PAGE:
Monday, February 28, 2011

What's Next? I mean, besides more brewing.

I have been pondering where to take my beloved hobby next.  Ideally, I would brew more, but considering that brewing takes a chunk of 6 hours or so, and could only be achieved on a weekend or two a month (at best)...I do have idle time nights and odd lunch hours.

So, I ponder....Should I...

Write a book?
Study and take the Beer Judge Certification Program Exam?
Join a Club?
Volunteer at competitions (and perhaps the Great American Beer Festival)?
Build on or add equipment?

Feel free to add your two cents...

Monday, February 21, 2011

Un-Bitter Disappointment

I am utterly disappointed in our wheat beer.  I am sitting here drinking it, and thinking that I would rather have almost anything else, certainly anything that I have brewed (save the watermelon, and maybe even that).  I am not entirely convinced that the only thing wrong with it is that we missed on the gravity (too low).  It also may be that my personal tastes have left this beer behind in the same way that I avoid American Pilsners in all but the hottest weather.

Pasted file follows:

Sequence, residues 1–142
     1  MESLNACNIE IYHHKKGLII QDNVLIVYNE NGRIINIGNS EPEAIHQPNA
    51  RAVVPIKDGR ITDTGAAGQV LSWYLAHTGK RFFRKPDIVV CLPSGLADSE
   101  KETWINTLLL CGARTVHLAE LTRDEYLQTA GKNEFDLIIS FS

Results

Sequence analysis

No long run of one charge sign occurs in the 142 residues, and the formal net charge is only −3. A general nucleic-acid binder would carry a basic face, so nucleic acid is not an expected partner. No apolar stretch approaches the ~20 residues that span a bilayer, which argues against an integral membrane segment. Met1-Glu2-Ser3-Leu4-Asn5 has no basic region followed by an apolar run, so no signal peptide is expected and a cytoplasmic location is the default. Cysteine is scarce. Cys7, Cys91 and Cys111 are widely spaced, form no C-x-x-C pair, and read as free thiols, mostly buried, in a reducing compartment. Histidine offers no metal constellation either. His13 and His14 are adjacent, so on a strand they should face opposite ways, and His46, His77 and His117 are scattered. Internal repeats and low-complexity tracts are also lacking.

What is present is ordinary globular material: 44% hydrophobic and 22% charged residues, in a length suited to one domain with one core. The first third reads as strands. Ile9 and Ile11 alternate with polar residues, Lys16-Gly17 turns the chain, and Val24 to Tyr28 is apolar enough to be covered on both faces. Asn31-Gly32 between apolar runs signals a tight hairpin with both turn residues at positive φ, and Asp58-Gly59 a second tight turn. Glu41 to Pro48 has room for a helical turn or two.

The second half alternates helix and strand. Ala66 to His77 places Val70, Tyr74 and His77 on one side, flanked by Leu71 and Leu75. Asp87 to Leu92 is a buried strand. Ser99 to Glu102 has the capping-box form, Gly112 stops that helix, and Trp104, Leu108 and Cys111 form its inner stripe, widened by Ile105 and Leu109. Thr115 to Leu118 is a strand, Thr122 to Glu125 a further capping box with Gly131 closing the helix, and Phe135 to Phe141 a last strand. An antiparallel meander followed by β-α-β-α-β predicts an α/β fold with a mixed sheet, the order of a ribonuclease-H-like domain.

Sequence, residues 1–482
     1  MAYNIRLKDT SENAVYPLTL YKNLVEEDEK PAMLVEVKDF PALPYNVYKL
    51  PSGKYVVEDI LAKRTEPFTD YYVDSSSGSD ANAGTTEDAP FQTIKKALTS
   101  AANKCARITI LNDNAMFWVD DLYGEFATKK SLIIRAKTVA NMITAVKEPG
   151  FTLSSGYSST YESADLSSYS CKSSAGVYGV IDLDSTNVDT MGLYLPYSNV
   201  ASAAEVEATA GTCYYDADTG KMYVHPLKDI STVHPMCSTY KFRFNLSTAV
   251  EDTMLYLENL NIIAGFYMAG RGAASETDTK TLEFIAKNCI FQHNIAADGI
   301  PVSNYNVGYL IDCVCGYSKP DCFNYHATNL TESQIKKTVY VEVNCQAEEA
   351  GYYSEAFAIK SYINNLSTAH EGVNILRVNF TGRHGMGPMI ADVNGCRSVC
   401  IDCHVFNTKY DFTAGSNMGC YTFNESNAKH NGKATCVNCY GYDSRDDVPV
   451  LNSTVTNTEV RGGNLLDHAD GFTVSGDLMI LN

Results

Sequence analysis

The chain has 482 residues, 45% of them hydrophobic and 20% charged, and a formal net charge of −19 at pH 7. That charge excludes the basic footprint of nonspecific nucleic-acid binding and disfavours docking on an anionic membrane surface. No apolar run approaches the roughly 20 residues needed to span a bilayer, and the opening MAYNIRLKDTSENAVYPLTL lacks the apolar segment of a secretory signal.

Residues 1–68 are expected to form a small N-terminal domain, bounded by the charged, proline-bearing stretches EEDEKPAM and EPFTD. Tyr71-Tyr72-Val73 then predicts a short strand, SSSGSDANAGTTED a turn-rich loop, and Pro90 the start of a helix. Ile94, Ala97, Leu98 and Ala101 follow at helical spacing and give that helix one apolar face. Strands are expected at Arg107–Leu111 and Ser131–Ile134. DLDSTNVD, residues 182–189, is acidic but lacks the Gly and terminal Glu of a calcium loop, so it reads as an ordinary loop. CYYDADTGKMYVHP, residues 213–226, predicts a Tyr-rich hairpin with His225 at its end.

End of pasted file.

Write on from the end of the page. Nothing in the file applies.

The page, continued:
I am also discouraged on the various flaws of our last three maybe four beers.  The wheat is what it is, the Porter has aged well, and tastes nice, but doesn't have the nice head (and isn't as good) as last year's Porter, the West Coast was hazy (too hazy) and finished way too high of gravity for my expectations....not that it didn't taste good, it just wasn't pretty and it wasn't perfect.  The Brown according to my brother's memory, wasn't as good as before either.

Now, if you know me, I am far from a perfectionist....but I feel like our last batch should have been better than the one before....but after all the changes and so called "improvements" to the brewery, I can't say that.  It isn't better, the brewday hasn't been easier....nothing.  I am feeling that I am a crappy brewer....oh, and my friends are only being nice....insult to injury.